Monday, September 28, 2009

More Criticisms of Functionalism

Although I have already addressed what I thought the problems with functionalism were, I think it is important to address what was discussed in class as well – just to reinforce my thoughts and close the discussion of functionalist theories.

As mentioned in my previous post, the notion of meritocracy just did not make sense. I discussed how the social class you are born into affects your ability to achieve higher education. This was reinforced in class by discussing the fact that those of higher socioeconomic status are more likely to go to post-secondary education institutions. However, just because one individual went to University after high-school, it does not necessarily mean that they will be of a higher social class that an individual who entered the work force right away. Depending on the degree you obtain, it might be difficult to get a job out of University that pays well.

One problem that I did not think to discuss is the ability to get a job even if the playing field is apparently equal based on education, talent, ability and work ethic. During the time this functionalist perspective of schooling was established, there was a lot of inequality in the states between white people and African American people. Although black individuals achieved levels of education equal to others, it was very difficult for them to get jobs because of their race. This discredits the functionalist perspective of meritocracy. In addition, there was what is referred to as the “glass ceiling” for women in the working world. This basically explains how women could not advance as much as men at their jobs regardless of merit.

Another problem with this theory is apparent when looking at the notion of the “expert society”. According to functionalists, with the many advances in technology, we have moved into a more expert society in which people need more complex education through formal schooling as opposed to learning skills in the home. Because of the advances in society, we would need educated people to fill positions in these expert fields. However, these assumptions were wrong as it has been proven through studies that many of the skills learned in school are not applicable in the future when those individuals are in the work force.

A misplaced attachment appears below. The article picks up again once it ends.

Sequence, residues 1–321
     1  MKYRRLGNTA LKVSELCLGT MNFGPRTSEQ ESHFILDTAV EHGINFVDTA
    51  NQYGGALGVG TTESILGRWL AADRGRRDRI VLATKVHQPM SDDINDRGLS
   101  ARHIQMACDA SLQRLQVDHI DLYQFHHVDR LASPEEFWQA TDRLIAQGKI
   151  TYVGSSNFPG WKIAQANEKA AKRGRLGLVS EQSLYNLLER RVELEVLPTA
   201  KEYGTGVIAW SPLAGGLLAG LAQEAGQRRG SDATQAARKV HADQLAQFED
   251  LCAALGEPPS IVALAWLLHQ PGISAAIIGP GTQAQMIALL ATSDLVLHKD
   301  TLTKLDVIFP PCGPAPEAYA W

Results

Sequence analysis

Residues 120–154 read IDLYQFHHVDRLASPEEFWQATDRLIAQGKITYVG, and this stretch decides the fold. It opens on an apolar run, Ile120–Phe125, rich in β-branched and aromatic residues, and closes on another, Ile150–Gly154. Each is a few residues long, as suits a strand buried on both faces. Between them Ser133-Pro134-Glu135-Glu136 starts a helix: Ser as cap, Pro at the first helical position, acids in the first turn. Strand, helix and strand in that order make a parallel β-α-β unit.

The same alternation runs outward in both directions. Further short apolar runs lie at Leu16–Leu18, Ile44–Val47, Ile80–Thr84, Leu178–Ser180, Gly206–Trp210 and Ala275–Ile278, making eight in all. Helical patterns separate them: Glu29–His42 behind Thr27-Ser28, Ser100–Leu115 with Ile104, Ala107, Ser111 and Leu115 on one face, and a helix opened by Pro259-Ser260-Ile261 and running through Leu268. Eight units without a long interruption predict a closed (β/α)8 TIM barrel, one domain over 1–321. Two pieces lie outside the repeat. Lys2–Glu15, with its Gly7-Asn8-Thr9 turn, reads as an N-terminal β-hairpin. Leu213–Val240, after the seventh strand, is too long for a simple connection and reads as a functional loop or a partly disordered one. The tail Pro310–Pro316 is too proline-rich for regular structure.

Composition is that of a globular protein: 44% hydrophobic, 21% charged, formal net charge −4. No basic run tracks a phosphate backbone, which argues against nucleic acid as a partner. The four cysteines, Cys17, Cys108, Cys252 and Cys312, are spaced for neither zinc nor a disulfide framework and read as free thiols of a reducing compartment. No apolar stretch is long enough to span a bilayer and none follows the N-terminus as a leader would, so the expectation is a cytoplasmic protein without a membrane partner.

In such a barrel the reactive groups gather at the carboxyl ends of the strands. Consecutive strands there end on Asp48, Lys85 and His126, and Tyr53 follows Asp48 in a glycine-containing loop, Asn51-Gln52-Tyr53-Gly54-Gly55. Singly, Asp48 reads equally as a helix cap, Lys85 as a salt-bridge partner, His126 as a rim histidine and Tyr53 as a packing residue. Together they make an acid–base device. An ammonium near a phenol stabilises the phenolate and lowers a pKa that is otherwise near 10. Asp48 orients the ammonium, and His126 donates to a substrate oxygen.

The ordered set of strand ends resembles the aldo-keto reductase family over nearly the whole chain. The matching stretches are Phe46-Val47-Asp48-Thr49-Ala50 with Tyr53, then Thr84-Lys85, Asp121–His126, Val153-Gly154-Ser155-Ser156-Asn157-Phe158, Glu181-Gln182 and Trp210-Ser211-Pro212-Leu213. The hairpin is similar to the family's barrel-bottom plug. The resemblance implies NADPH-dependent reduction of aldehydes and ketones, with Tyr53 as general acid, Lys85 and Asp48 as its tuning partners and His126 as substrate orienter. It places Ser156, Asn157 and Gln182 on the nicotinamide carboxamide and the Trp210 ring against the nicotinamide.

As discussed in class, functionalists are better at describing and identifying patterns than explaining the significance of them. This is good to get some basic information but other theories may be necessary to explain the significance of the findings.

1 comment:

  1. I think you make very valid points in this blog. However, I question if it is not just our society that is messing up Meritocracy. I think that the people in our society that are the string holders (have control) are extreme capitalists and want society to still be based on our parents and not so much our merit.

    I think that meritocracy should be able to work if we had more of a, care for the group, mentality rather than I want my family to be top dog. I think that meritocracy should be the way a society functions. I think about how awesome our society would be if people who were good at the job actually got the job!!! Imagine, we could have a Prime Minister that deserved the job not just had the most money to campaign; we could have a government making GOOD decisions! They would be able to do a good job because they would be the best one for the job.

    I am not saying all the people we have in certain positions are bad, but I definitely think that there are quite a few people who get jobs they don't deserve. George W. Bush, was he the most qualified for that job? Or was his father a huge influence on him getting as far as he did?

    I understand that we don’t live in a perfect society and that everything is not fair, however, sometimes I think that we need to make the effort to make it a little more just. Mr. Runte talked in the beginning of the class about how we have to try to predict what trends are coming, but I think we should also try to correct or fix as much as we can the mistakes of the past.

    I wonder if our society is not the best functioning society. Yes, it is functioning because it would have collapsed otherwise, but maybe it is like a broken down society… upgrades and replacing parts might be what this society needs!



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